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Stefan Canham und Rufina Wu, Portraits From Above. Rooftop Communities in Hong Kong, 2008

Gebäude 5 | Tai Kok Tsui Gegend | Building 5 | Tai Kok Tsui Area | © Stefan Canham / Rufina Wu

Roman Bezjak, Socialist Modernism, 2005–2010

Sankt Petersburg, Russland, 2009 | © Roman Bezjak

Nicoló Degiorgis, Hidden Islam, 2009–2013

Islamischer Gebetsraum in einer Lagerhalle | Provinz Venedig, Italien (VE30038) | © Courtesy of the artist: Nicoló Degiorgis

Livia Corona, Two Million Homes for Mexico, 2007–2014

Freunde aus der Nachbarschaft. Tijuana, Mexiko | © Livia Corona, 2009

Peter Bialobrzeski, „Yet Untitled“ #4, 2014

© Courtesy of the artist: Peter Bialobrzeski

Julian Röder, Lagos Transformation, 2009

Stillgelegte Schienenbahn unterhalb der Eko-Brücke in der Gegend Costain, Lagos, Nigeria | © Julian Röder

ZOOM! Picturing Architecture and the City

10. March – 17. May 2016 im Az W Architekturzentrum Wien

Contemporary architecture is faced with a host of exceptional dilemmas: within the context of continuing global urbanisation, the increasing challenges posed by immigration and social inequality, and amidst crumbling cities and the relentless expansion of slums, architecture now has to prove its social relevance for the future. Architectural photography plays a central role in this regard, serving both as a means of communication between architects and clients, as well as a way of imparting information to a general public. Thus far it has generally produced images in which architecture is portrayed as a series of constructed objects, without reference to their respective uses. Increasing numbers of photographers, however, are shifting their focus to those living and working spaces that have not been planned by architects.

The exhibition ‘Zoom! Picturing Architecture and the City’ presents photographs and video works by eighteen contemporary international photographers. Their images focus on the complex interrelations among society, architecture, and urban spaces. They provide insight into how buildings actually operate once the building contractors have left the premises, and how city and town structures are impacted by economic factors, as well as their inhabitants’ social and cultural backgrounds. The evident failures often occurring in the planning or modification of buildings point to specific conclusions about people’s actual needs.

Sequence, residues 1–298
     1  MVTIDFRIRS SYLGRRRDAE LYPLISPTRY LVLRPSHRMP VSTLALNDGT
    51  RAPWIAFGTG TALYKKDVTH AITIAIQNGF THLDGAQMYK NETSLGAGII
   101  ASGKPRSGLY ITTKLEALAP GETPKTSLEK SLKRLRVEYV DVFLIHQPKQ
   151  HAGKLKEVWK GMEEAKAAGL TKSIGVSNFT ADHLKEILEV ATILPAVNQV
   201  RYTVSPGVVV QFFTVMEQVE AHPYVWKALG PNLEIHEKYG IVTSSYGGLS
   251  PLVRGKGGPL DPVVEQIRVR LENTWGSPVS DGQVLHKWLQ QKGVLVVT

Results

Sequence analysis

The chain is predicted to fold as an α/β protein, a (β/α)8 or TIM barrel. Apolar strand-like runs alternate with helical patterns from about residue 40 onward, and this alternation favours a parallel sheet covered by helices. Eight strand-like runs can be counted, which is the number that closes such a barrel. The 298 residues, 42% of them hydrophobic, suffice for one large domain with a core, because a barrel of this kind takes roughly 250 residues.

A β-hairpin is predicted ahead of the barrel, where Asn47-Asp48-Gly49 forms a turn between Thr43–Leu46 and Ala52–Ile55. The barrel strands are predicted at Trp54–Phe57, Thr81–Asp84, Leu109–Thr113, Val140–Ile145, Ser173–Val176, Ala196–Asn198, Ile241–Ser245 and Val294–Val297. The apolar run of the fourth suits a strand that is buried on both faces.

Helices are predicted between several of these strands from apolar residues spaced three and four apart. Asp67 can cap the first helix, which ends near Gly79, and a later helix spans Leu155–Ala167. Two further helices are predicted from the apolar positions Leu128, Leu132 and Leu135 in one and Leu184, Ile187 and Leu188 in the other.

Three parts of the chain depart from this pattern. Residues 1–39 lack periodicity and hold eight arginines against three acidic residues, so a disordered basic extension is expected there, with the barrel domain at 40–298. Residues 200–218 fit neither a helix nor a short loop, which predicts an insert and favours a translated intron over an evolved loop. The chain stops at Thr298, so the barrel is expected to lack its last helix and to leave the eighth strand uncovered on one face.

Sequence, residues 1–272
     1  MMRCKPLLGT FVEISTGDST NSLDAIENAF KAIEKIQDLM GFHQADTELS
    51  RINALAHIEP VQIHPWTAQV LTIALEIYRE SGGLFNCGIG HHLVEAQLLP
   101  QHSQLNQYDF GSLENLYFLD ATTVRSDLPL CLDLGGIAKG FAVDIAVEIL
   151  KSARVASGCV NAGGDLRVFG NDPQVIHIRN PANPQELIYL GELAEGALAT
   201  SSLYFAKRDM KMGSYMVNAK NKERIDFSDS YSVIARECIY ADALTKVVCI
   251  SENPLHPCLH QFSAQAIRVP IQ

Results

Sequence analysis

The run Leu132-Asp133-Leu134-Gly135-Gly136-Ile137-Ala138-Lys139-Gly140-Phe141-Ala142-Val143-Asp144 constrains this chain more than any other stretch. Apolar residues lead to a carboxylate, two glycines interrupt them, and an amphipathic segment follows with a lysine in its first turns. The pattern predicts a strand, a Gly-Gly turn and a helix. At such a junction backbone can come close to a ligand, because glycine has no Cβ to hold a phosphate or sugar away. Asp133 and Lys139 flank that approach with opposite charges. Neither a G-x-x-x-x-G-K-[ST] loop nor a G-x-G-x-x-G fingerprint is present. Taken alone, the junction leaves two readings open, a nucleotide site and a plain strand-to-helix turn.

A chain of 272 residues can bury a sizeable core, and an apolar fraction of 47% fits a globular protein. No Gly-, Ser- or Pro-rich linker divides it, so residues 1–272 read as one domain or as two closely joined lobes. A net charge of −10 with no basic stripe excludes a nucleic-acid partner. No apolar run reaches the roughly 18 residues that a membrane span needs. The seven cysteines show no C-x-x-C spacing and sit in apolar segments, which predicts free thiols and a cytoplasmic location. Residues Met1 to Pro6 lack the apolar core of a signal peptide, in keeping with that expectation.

The exhibition sets photographs from different countries and continents into dialogue. Images from Germany’s Oberpfalz region of Bavaria are exhibited next to images from Italy, Nigeria, and China, for instance, and the juxtapositions make similarities and differences quite apparent. Photography’s ability to capture, record, and comment on processes and trends gives it influence in shaping how architecture is received, and, in turn, how the discipline regards itself. The goal of the exhibition is to show that, confronted by extremely unstable social conditions, contemporary architectural photography employs an active awareness of its special task as a critical medium.

On show are photographs and video works by Iwan Baan, Roman Bezjak, Peter Bialobrzeski, Lard Buurman, Stefan Canham and Rufina Wu, Nuno Cera, Livia Corona, Nicoló Degiorgos, Jörg Koopmann, Eva Leitolf, Myrzik und Jarisch, Stefan Olàh, Julian Röder, Simona Rota, Andreas Seibert, Wolfgang Tillmans, Fabian Vogl, and Tobias Zielony.

A catalogue in German and English is due for release, published by Buchhandlung Walther König, Cologne, 200 pages, approx. 200 illustrations, ISBN 978-3-86335-735-1

The exhibition has received generous support from PIN. Freunde der Pinakothek der Moderne e. V.